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To Create or Not to Create: That is the Quarantine Question

Reading, watching movies, browsing artwork. Everyone has been drawn to enjoying creativity more than usual during these stressful times.

There’s also a lot of belief that creators should be creating even more during this period, since they’re staying at home more. It seems, though, that it’s not that simple. While some people are indeed creating more works of art and finally writing that book, a lot of creatives are more tired than inspired these days.

The important thing is to remember that if this is you, that’s okay. We won’t all, by default, go into some uber-creative mode where we start churning out bestsellers or masterpieces. In fact, the “collective sadness” that many are experiencing seems to be having the opposite effect.

Sure, people may have more time on their hands — especially if they are not working at the moment. The important thing to remember is that everyone has stress in a different form right now.

If you have been laid-off or furloughed, you obviously have a lot of financial stressors. Being out of a job and wondering what to do is hardly going to put someone in a good frame of mind for doing much of anything. It may give you time to work on creative projects, but if your mind is bogged down with a million things, it is not time to go into creative mode.

If you are still working, you have a different issue. You’re being expected to function normally when everything around you is falling apart. Your workplace may be pivoting, as many are, to address the current situations. If you have a job working with the public, you have new policies in place to keep social distancing in place — and it doesn’t help if you have to confront naysayers and force them to wear masks to keep everyone safe.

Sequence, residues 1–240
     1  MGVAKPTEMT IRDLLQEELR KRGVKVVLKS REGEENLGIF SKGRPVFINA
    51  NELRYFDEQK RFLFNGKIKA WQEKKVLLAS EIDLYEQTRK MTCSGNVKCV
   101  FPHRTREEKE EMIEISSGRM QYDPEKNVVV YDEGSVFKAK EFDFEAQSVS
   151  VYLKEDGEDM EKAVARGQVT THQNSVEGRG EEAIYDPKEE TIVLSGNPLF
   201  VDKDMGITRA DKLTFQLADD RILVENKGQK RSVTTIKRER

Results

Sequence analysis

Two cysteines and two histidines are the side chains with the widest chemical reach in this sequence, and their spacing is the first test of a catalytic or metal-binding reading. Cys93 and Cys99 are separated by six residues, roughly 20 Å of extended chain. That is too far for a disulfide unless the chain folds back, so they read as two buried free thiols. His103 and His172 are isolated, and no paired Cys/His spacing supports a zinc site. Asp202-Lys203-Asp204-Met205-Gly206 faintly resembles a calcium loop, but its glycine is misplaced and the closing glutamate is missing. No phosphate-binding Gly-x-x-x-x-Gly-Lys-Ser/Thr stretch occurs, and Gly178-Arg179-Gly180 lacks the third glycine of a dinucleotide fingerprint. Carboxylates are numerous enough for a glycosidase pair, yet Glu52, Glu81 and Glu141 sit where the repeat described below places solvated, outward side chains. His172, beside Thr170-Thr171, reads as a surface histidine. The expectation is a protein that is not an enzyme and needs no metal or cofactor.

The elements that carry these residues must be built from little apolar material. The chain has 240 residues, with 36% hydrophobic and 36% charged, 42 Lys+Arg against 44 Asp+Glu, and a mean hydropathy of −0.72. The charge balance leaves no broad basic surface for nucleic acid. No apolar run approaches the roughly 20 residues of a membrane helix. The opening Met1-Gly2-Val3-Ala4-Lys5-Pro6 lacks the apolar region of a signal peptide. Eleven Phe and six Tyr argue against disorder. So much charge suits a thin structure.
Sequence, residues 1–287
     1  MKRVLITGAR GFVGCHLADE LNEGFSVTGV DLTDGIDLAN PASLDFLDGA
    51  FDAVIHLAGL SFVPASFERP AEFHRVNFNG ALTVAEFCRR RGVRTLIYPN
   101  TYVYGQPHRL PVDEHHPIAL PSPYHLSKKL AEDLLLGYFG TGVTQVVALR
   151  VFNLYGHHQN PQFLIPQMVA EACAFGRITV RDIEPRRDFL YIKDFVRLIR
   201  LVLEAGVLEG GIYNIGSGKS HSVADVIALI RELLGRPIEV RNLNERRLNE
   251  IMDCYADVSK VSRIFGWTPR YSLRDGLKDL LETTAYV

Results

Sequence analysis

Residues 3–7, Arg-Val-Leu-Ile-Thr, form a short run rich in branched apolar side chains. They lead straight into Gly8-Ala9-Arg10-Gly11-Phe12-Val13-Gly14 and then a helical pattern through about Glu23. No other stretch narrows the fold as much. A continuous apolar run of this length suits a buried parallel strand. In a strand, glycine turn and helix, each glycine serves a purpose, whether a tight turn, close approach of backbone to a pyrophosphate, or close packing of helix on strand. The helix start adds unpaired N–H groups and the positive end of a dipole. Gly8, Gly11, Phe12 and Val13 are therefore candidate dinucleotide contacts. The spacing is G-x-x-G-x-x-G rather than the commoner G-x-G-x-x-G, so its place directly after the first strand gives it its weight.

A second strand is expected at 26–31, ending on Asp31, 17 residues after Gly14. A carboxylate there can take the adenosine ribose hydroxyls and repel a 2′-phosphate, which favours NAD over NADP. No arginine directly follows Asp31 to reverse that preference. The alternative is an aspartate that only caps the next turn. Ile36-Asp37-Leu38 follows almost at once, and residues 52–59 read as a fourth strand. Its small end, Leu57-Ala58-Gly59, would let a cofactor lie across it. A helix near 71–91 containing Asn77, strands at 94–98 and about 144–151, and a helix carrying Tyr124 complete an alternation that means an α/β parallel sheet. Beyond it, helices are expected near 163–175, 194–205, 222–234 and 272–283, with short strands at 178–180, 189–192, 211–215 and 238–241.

If you’re in healthcare, you obviously have it rough. In the midst of trying to save lives and possibly seeing people dying in front of you, you have people protesting because they can’t get a haircut.

The Return of Creativity

If you have been experiencing “momentary creative difficulties,” it will likely come back to you when you are ready. For me, it was a bit of inspiration to do an easygoing micro-fiction series on Instagram. It’s hard not to address Coronavirus, but it’s also not a headspace to always be in, so it helped to have a motivational twist to the stories that can be relevant at any time. Quotes and highlights from the series, “The Time-Traveling Photography Club,” will be posted here at a later time.

Yet even that did not come easily. It’s hard to do the all-day creative session now, and in fact, sleeping breaks seem, oddly, to help.

Don’t force yourself. Be gentle with yourself — because not only is life hard in general, right now, for some, it feels nearly impossible.